"People often have said, 'Gee, you live in a bubble' — and maybe I do," admits Woody Allen as he settles into an armchair inside his private screening room on New York's Upper East Side. A creature of habit, he has been watching movies (and taking meetings) in this somber little theater for the past 35 years. "I get up in the morning," he says, "take the kids to school, then do the treadmill, then get into my room and work, have lunch, go back and work, practice the clarinet, see friends or go to a basketball game. It's a bourgeois, middle-class worker's life. But it's enabled me to be productive over the years."
Productive is putting it mildly.
Ricky Gervais truly does not care if he's offended you. "That's on you," he'll say with his trademark cackle. Same goes for critics. Since the breakout success of The Office and its fatuous, boss-from-hell hero David Brent, Gervais' work has been all over the critical map — adored, despised, put on a pedestal and torn to shreds. Jokes in his stand-up routine about the disabled have drawn harsh rebukes; so have the barbs he's thrown at Jennifer Lawrence and Caitlyn Jenner during his four turns as host of the Golden Globes. (Asked if he'd return for a fifth time, he says, "If not next year, then one day, sure.")
But the actor, writer, producer, director and comedian is fine with all that. "I'm not the person who thinks, 'Now I'm famous. I shouldn't say anything,' " says Gervais, 54. He is more than happy, he insists, to rile up social media in exchange for the freedom to do as he pleases.
Jennifer Lopez has been saddled with the reputation of a diva for much of her career. Sarah Paulson has yet to land a leading-lady role without being asked to dye her naturally brown hair blond. And Julianna Margulies likely still would be fighting for acceptance into the Producers Guild had her seven-season drama, The Good Wife, not already concluded its run. Such is the plight of today's working actresses, even those at the top of their game.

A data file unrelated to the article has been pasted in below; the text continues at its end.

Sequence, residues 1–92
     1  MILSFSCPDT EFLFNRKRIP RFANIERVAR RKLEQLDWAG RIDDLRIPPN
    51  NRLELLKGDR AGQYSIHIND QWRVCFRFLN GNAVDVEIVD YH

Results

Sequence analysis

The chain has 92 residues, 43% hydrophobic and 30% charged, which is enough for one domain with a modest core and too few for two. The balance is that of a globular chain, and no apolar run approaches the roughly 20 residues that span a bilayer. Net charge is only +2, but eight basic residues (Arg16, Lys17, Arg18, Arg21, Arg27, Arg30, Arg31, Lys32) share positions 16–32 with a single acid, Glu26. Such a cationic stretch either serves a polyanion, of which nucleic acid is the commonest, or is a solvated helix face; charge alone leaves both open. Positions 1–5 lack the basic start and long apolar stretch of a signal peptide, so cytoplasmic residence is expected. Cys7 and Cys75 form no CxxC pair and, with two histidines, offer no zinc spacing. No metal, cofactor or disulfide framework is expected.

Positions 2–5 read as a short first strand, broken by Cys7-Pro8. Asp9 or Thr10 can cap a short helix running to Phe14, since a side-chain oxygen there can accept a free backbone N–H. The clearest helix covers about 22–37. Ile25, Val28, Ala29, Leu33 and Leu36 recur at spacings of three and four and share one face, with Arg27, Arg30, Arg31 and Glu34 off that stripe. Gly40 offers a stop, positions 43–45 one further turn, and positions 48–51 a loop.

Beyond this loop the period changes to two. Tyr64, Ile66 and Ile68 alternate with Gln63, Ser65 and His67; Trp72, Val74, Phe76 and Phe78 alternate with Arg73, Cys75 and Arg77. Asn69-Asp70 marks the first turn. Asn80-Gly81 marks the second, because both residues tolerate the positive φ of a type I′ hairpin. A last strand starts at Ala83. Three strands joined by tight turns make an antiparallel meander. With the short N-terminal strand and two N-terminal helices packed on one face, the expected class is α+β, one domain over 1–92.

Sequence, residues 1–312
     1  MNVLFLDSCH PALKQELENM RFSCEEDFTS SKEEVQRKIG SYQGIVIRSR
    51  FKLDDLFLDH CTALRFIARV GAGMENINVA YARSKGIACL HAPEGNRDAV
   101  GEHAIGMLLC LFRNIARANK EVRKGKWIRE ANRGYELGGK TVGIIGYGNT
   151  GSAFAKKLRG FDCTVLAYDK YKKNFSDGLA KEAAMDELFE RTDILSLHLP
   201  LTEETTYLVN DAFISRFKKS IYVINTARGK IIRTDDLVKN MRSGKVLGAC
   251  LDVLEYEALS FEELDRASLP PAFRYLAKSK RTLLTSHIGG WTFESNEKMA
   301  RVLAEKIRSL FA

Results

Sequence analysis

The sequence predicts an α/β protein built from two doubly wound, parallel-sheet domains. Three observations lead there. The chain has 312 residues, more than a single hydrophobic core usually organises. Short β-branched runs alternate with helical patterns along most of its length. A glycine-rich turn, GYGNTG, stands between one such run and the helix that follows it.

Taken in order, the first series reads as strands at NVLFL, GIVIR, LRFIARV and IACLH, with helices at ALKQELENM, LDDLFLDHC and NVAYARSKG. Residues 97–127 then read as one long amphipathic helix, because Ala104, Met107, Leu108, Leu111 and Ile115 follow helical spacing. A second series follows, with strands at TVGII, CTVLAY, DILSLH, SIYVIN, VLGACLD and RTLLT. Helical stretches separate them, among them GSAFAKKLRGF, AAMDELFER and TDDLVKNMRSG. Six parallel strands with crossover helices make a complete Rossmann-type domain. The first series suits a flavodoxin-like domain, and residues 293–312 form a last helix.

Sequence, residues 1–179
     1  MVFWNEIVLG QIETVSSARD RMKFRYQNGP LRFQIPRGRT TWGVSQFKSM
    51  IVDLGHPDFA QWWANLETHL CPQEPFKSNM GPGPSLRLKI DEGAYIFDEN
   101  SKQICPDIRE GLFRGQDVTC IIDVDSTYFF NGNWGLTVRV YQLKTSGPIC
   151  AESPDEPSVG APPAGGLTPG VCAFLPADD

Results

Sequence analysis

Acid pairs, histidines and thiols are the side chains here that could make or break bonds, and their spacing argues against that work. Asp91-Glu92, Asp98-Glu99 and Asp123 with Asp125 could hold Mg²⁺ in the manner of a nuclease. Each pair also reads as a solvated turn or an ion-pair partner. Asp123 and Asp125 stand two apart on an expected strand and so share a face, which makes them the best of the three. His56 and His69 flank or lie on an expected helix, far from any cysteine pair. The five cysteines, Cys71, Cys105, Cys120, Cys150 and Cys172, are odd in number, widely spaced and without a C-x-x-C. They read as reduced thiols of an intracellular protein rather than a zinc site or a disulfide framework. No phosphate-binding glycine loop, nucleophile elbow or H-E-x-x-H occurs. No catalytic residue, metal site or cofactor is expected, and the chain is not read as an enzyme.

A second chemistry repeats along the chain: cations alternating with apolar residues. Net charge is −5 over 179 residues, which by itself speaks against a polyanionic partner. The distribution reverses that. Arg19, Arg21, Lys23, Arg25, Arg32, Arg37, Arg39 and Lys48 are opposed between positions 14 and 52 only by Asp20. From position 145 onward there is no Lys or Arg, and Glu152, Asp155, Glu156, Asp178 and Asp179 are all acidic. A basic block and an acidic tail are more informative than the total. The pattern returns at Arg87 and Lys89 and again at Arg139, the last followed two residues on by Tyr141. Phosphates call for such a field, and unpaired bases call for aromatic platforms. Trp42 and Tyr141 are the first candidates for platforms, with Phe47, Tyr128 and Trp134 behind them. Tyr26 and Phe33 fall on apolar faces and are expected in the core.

In late March, THR gathered seven such women — Margulies, 49; Lopez, 46 (NBC's Shades of Blue); Paulson, 41 (FX's The People v. O.J. Simpson: American Crime Story, American Horror Story: Hotel); Kirsten Dunst, 34 (FX's Fargo); Regina King, 45 (ABC's American Crime, HBO's The Leftovers); Kerry Washington, 39 (ABC's Scandal, HBO's Confirmation); and Constance Zimmer, 45 (Lifetime's UnREAL) — for a candid conversation about the roles they will (and won't) strip down for, the scenes that required them to call their lawyers and the need to love their characters, even if their audience does not.
"Forgive me if this day becomes slightly emotional for me," says LeVar Burton. "Being here in this house, at this particular time in history. This is a moment."
This house being the White House. This moment being a daylong event — hosted by Valerie Jarrett, the president's closest adviser — devoted to A+E Networks' Roots, a reimagining of the blockbuster 1977 miniseries about several generations of a slave family. The four-part, eight-hour project will debut on Memorial Day (May 30), airing simultaneously on History, Lifetime and A&E. The White House screening and panel discussion is a key step toward making Roots not just a successful television show but also an old-fashioned, watercooler-style collective cultural event.
The long day is ending for Donald Trump with a pint of vanilla Haagen-Dazs ice cream. We're settling in for a late-night chat at his Beverly Hills house, a 5,395-square-foot Colonial mansion directly across from the Beverly Hills Hotel. He's here for the final presidential primary, a California coronation of sorts, after rallies in Orange County (where violence broke out and seven people were arrested). He is, as he has been for much of our conversation — and perhaps much of the last year — marveling at his own campaign. "You looked outside before, you see what's going on," he boasts about the police surrounding his house, and the Secret Service detail cramming his garage and snaking around the pool at the center of the front drive. And he's just returned from a big donor fundraiser in Brentwood for the Republican Party at the home of Tom Barrack, the investor and former Miramax co-owner. "There had to be over a thousand policeman. They had a neighborhood roped off, four or five blocks away from this beautiful house. Machine guns all over the place."